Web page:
I had an unusual, emotionally ambivalent experience during a coaching session this week. In a single statement uttered by my client (we’ll call her Alice), I winced twice AND had an epiphany!
Curious about Alice’s loaded proclamation? She said, “I should have prepared more for the training session. But afterwards I recognized that I ROCKED IT and gave myself a mental fist pump.”
Alice was reporting in about an experiment I offer to most clients during their very first coaching session. Her intention was to convey her “success” with practicing celebration.
So, what was it about this shining declaration that led to my multitude of reactions? Let’s call it “should” “prepared” and “but”— 3 words with subtle but deadly effects.
First, a little context. The fact is, “Words Create Worlds”. This is true both internally and externally. The words we tell ourselves, the stories we’ve convinced ourselves as being true, as well as our stream of consciousness (or self-talk) directly affect our thoughts. This, in turn, guides our behaviors and actions, and ultimately our interactions.
When Alice used the three aforementioned words, it seemed innocent enough. And that’s part of their toxic nature. They’re used without scrutiny— like sugar in coffee. We too often allow these words to inadvertently guide how we think.
Read on to discover how Alice used these words, and how she can present more powerfully in the future by substituting her words.
“Should” creates an internal guilt trip.
Let’s start with the word “Should”. This is the ultimate example of an ANT (Automatic Negative Thought).
What do you repeatedly say or think you “should” or “need to” do or stop doing? “I really should go to the gym today” or “I should eat more vegetables” or “I need to stop watching TV in bed”.
Think about it, or rather, FEEL it. These “ANTs” trigger an inner world of guilt, regret, shame, doubt, and questioned confidence. They are gasoline to the fire of our negativity bias. And our tendency toward the negative can release cortisol into our bodies. This neurotransmitter, nicknamed the “stress hormone”, amplifies the negative effects of stress. And in addition to the physical consequences is the psychological: Cortisol fogs the brain.
There is an antidote to the negative effects of “should”: Turn this ANT into a PAT (a Positive Automatic Thought). That’s right! “I should” becomes “I can” or “I get to”. “I need to” becomes “I want to”. “I can’t” becomes “I can’t yet”. Try it out, and feel the change in your body.
If you sense a difference, give yourself that aforementioned mental fist pump. Then, start catching yourself using these ANTs and actively correct yourself. It’s clumsy at first, like when I started omitting the word “Sorry” (the queen of the ANTs) from my vocabulary. Be patient and notice how your brain adapts. It’s neuroplasticity at its best!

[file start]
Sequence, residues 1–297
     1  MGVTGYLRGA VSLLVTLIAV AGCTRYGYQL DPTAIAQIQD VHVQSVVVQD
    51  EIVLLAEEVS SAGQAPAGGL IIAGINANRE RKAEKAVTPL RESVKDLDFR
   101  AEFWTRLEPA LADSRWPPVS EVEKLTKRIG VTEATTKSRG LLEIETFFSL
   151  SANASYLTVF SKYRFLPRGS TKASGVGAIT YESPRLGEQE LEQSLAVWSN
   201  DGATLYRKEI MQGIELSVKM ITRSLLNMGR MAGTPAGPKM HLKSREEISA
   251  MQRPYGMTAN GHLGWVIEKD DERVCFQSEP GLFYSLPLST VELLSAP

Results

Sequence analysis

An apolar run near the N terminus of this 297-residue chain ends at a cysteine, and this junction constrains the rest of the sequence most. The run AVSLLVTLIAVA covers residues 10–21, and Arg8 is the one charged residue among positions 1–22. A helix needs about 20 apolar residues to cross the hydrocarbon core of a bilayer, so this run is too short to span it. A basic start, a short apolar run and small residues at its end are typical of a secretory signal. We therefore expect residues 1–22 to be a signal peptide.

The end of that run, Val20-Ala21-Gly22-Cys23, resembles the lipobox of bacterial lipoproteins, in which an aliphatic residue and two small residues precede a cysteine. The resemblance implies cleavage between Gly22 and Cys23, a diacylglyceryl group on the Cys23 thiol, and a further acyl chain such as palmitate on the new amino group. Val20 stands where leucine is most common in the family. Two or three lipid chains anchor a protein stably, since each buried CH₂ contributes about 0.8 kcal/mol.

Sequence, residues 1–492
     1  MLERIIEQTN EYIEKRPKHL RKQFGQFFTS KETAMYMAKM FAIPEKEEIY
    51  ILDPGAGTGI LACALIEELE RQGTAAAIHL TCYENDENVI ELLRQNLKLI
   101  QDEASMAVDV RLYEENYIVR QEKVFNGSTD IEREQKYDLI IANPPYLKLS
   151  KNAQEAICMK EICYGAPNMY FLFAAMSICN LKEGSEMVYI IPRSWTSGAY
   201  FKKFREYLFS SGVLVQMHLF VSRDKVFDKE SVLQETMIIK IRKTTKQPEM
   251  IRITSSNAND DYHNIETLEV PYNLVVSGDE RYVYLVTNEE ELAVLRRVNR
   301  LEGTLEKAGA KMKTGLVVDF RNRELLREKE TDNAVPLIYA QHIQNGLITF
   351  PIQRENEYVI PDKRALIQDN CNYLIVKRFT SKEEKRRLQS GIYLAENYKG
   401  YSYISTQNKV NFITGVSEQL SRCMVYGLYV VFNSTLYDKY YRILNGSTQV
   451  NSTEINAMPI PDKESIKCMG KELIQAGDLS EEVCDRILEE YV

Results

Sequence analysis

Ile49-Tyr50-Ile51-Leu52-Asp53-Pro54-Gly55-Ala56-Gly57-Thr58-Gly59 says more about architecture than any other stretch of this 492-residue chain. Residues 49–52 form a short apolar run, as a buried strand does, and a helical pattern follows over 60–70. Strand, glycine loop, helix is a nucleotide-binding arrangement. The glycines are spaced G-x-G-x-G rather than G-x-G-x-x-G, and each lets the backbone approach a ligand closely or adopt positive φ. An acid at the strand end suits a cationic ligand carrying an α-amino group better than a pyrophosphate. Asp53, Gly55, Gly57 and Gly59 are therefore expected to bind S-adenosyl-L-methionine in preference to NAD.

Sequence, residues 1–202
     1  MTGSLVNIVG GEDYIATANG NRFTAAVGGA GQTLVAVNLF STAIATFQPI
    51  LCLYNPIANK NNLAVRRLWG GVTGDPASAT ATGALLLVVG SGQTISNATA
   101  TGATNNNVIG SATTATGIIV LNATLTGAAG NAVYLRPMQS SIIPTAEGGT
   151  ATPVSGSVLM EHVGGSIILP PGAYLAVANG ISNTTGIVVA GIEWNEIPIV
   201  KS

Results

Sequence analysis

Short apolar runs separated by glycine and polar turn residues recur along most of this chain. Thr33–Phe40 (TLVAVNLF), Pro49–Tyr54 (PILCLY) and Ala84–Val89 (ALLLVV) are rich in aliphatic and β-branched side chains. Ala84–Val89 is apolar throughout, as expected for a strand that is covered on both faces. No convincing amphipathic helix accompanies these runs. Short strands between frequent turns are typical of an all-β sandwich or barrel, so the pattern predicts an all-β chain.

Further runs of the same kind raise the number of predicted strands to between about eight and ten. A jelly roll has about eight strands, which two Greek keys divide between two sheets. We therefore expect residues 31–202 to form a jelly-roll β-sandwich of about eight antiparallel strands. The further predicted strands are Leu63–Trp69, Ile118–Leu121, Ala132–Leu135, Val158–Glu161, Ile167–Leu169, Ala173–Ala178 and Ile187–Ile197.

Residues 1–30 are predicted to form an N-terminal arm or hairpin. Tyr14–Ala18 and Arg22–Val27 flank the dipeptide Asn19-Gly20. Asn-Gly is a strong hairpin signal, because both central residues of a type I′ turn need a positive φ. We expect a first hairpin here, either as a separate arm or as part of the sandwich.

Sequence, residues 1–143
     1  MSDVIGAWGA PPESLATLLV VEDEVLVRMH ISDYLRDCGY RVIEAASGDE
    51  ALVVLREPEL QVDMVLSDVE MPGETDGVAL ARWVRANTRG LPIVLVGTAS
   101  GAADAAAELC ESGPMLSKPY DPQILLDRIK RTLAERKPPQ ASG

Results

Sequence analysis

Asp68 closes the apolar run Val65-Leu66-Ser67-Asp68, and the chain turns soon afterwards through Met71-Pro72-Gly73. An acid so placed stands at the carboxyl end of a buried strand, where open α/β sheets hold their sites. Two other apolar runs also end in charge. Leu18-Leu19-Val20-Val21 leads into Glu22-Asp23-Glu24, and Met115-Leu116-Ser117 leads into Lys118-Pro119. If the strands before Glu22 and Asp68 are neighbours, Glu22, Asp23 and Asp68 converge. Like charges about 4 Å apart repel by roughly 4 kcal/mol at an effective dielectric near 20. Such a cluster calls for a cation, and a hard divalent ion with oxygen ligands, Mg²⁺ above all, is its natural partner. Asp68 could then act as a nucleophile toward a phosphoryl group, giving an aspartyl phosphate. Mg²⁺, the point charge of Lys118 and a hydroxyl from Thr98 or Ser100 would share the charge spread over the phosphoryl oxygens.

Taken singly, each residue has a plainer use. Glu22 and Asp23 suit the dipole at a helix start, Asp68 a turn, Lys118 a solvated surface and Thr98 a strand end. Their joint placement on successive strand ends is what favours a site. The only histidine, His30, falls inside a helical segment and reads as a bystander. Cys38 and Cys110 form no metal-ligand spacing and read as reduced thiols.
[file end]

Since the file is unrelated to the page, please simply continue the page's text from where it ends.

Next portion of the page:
Over-preparation stifles our brilliance.
Many motivated professionals lean heavily on preparation to ensure their success. And most of them over-prepare.
I tied this concept back to something Alice had said earlier in our session. She mentioned her need to be “super polished”. When I asked why she felt this way, she said she feared that her company’s leadership wouldn’t take her seriously if she weren’t buttoned up.
It is indeed the case that women have to perform markedly better than men. Even when that’s accomplished, their credentials are often questioned. Consider that Ginger Rogers danced every step that Fred Astaire did, except backwards and in high heels! Ginger still didn’t command the same regard and credit as Fred.
Where I push back is that by WORRYING about it, again, our protector the amygdala steps in and releases that cortisol. This disallows the Prefrontal Cortex to fully engage and boast Alice’s brilliance.
So, I asked Alice to consider three reasons she could be more effective by preparing less for meetings:
- Over-preparing is often a form of procrastination.
- When we overprepare, we tend to be more proactive and less responsive. This stifles the ability to get into flow and interact with those in the room.
- Alice is an expert in her field. Even at her “worst”, she would present within 20% of her best. Think about that in terms of one’s expertise. It is a liberating thought! At least it was for Alice.
I then invited Alice to try this for herself when preparing for a low-stakes meeting. Would you consider trying this for yourself, too?
If you’ve ever taken an improv class, you have learned to stay away from the word “but”. That word tends to close down conversation. “Yes, and”, by contrast, opens up thought channels.
Likewise in the brain, when we hear a positive sentiment at the beginning of a statement, followed by a “but”, everything said up until that point is figurately erased. Our sense is that the important part of the message lands following that three-letter word.
This is also an especially sensitive word when it comes to receiving feedback. “The presentation was great, but…” or “Honey, the dinner you cooked was wonderful, but…”
My epiphany was that when used as a positive reframe (via the growth mindset), it’s absolutely effective. Thank goodness my attitude is “never say never”, because two superlatives occasionally do make sense.
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